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Meditations on a Trader Joe’s Mildly Spiced Vegetable Burrito

I’m thinking about you.

I’m thinking about you, Trader Joe’s Mildly Spiced Vegetable Burrito, even though I finished eating you half an hour ago. The carnage of your cardboard tray remains at my desk, your dried-on, mole-inspired guts stuck to my red plastic spork and the comically ineffective knife I borrowed from the office kitchen.

You are delicious every time, but after half a decade of exploring you inside and out, there’s so much I still don’t understand.

You’ve disappeared a few times. I’d be lying if I said I didn’t take it personally. But like my high school sweetheart, you always turned back up as though nothing happened. I hope, for your sake, nothing happened.

Frozen in pairs, you make it difficult to eat just one. To do that, I have to remove your solitary roll from the package, place you on a plate, and try to extrapolate the correct cooking time in the microwave at hand (the directions are for two burritos and stipulate that one leave them in the tray, both reducing the amount of dishes needing to be washed and, I suspect, improving cooking results). I fail most times, creating either a Trader Joe’s Mildly Spiced Vegetable Burrisplosion ™ or a meal with its skin intact but its center just thawed enough to make me not bother microwaving it some more.

Why is your tortilla so flimsy, Trader Joe’s Mildly Spiced Vegetable Burrito? Why do you contain no rice to act as a life preserver while you drown in your incredible sauce? And why are you not in the “Trader Jose’s” line, like so many of your other delightful “Mexican food” friends when you are but an American interpretation of Mexican cuisine? I guess I don’t have all the answers.

Your vegetable choice? Excellent — I love anyone who can rock a broccoli. Your spice blend? Perfect, smoky, faintly tickling my nose’s mucus production. Your ability to be eaten as a burrito should be (with two hands) without tearing through the sides and/or bottom rather than with a knife and fork like some common diner with “manners”? Not that good. You could also use some guacamole.

I think you are delicious, Trader Joe’s Mildly Spiced Vegetable Burrito. I really do. But I have to admit that you are a sad burrito. I’m sorry you are sad, Trader Joe’s Mildly Spiced Vegetable Burrito. I am sad, too.

Look, canvassers, I get it.

Hi there, clipboard-wielding fellow human trying desperately to get my attention as I stroll along the sidewalk. “You look friendly! Want to talk about puppies?” you might say with a smile. Or maybe you’re more straightforward yet weirdly guilt-tripping: “Can you spare a minute to talk about gay rights?” Here’s the problem: You know and I know we’re not here to talk. And it’s going to take much longer than sixty seconds.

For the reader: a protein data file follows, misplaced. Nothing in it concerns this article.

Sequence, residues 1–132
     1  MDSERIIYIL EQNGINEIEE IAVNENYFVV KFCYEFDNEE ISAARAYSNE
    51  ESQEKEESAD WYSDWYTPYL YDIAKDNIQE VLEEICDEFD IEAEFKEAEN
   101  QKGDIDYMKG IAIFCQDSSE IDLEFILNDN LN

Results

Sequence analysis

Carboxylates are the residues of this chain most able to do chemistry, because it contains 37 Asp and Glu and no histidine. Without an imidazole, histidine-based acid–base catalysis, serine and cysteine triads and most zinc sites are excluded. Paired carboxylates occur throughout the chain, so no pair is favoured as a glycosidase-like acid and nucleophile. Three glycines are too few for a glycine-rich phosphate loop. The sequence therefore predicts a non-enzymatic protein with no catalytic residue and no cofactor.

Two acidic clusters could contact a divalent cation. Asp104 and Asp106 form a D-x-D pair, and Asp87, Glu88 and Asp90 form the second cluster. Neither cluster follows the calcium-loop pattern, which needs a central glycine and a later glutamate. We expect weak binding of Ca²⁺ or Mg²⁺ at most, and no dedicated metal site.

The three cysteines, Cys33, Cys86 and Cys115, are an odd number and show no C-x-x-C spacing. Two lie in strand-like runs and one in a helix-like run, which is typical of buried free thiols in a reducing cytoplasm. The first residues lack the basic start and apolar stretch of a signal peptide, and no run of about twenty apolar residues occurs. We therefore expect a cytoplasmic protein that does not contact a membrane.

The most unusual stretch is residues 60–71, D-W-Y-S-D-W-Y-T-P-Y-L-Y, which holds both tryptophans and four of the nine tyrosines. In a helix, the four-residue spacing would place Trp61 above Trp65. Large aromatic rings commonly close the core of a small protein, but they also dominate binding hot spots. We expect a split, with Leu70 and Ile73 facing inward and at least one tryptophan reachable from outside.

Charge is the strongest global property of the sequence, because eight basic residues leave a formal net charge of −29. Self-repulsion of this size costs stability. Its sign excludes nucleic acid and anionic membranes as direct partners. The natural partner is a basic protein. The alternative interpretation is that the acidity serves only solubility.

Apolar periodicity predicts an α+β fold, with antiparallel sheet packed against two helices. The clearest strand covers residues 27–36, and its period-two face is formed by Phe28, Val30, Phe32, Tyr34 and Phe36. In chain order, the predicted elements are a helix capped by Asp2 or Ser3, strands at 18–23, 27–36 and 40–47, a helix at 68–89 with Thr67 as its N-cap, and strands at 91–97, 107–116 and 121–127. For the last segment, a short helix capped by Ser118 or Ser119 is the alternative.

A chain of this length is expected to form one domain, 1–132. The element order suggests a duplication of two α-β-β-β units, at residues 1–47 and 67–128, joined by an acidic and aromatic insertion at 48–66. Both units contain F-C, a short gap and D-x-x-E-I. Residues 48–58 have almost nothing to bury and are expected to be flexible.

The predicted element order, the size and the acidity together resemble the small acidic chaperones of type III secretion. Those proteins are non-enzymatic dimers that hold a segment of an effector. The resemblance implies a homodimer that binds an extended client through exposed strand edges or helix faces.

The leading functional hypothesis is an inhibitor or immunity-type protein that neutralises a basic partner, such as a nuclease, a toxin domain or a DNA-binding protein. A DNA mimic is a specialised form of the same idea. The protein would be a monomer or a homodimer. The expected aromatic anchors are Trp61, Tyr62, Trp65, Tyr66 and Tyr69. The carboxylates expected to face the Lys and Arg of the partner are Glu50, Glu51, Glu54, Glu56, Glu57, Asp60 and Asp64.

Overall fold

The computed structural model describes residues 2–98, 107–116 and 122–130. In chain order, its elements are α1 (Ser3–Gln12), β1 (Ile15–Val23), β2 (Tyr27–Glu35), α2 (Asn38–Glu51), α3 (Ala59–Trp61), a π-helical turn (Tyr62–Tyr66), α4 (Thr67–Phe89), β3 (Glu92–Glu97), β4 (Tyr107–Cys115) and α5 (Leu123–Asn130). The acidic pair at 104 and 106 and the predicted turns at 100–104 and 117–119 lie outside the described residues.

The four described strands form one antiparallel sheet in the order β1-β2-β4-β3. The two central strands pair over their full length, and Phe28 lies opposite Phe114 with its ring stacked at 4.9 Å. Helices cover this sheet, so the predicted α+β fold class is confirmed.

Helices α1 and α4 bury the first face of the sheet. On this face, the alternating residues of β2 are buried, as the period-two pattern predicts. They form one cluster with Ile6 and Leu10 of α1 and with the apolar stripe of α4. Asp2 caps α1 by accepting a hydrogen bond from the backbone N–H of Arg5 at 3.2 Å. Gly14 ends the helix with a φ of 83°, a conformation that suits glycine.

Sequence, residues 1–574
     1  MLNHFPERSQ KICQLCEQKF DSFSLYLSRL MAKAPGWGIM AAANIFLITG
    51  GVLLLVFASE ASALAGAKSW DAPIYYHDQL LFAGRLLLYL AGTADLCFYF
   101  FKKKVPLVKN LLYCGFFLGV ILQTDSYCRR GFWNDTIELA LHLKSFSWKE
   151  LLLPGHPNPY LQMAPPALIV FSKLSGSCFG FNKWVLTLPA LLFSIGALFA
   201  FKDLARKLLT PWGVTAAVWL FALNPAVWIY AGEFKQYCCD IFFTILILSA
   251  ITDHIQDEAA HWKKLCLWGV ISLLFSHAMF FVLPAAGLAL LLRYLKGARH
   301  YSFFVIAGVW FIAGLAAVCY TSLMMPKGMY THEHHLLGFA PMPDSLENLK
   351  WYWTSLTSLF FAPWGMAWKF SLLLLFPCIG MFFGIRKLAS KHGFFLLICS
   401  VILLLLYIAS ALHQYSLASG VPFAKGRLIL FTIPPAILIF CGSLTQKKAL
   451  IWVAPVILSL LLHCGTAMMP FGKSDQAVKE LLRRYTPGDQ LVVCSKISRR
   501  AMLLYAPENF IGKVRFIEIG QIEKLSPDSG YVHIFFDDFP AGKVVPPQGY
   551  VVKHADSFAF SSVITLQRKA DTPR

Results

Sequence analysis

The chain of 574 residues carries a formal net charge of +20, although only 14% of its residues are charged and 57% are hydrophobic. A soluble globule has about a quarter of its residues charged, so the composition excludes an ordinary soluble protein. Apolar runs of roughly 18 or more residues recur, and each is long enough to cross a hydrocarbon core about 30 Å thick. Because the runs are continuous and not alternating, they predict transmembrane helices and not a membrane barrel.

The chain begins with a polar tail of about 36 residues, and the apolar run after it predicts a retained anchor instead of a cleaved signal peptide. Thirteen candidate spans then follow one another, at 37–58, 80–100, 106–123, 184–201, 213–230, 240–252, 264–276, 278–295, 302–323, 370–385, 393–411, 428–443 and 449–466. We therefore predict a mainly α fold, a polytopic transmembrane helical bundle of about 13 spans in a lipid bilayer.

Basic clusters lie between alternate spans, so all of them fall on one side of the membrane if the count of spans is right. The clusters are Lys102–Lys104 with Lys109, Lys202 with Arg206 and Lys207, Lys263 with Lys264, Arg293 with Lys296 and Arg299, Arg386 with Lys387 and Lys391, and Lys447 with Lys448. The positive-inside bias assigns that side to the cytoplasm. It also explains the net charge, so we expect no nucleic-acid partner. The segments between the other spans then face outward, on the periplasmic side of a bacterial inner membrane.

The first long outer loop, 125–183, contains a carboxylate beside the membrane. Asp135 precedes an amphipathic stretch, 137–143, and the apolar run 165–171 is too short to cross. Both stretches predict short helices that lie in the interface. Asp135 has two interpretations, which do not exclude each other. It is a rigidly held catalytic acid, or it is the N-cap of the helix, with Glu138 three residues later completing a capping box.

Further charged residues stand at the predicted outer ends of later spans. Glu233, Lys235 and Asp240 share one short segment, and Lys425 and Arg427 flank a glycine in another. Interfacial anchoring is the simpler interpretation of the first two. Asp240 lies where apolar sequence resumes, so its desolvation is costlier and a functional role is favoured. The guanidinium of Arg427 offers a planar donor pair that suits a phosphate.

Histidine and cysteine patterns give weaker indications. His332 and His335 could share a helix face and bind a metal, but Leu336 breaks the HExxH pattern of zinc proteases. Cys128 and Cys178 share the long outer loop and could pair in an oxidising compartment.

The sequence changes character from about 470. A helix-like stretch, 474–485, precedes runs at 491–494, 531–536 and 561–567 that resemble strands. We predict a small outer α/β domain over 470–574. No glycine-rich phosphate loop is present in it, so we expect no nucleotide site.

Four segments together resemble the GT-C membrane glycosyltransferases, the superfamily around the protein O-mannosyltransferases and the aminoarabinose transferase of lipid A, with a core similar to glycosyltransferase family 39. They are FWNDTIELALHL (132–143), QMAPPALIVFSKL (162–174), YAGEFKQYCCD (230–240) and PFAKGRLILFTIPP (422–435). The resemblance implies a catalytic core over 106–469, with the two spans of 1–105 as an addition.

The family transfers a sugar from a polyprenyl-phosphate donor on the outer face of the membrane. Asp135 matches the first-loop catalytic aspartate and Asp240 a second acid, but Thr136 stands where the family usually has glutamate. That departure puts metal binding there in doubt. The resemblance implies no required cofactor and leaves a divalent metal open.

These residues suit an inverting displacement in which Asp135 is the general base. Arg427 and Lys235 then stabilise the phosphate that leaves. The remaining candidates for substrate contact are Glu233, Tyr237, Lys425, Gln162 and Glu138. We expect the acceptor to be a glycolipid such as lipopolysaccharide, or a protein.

I fell for it once. New to the Bay Area and lonely, I was heading to the subway after a tedious day toiling away for a company in which I had no friends. I had no social life to speak of whatsoever, in fact, nearly ten months after I’d moved with my long-term boyfriend, and it was god-damned depressing. So when two cute young men (one with a skateboard) accosted me outside the 24 Hour Fitness on 2nd Street to ask whether or not I liked whales, I was elated to speak to a new person in any capacity.

Andy spoke to me of the environment and smacked of worldliness. I was (wrongly) flattered; this was my first encounter with a sidewalk canvasser, and I didn’t know where this interaction was going to lead. I had never heard of Greenpeace’s many whale-related campaigns before, and I listened with rapt attention. I had wondered at first why he and his skater pal were holding clipboards, but I dismissed my concerns by telling myself they were surely trying to sign people up for a mailing list or something similarly innocuous. I’d give them my spam email address and call it a day — no, I’d call it a victory, for finally being looked at and spoken to by a sane, put-together stranger.

When signup time came, I was a bit aghast at the request for a donation.

“Uh, I can give you $20 in cash right now,” I stammered.

“Well, the thing is, you have to really care,” Andy smoothly shot back, “which is why we request a small monthly donation — anything you can spare! — with a credit or debit card.”

“So, like, $5 a month?”

Andy shuffled his feet around and stared into the pavement. “Well, the minimum donation is $15 a month…”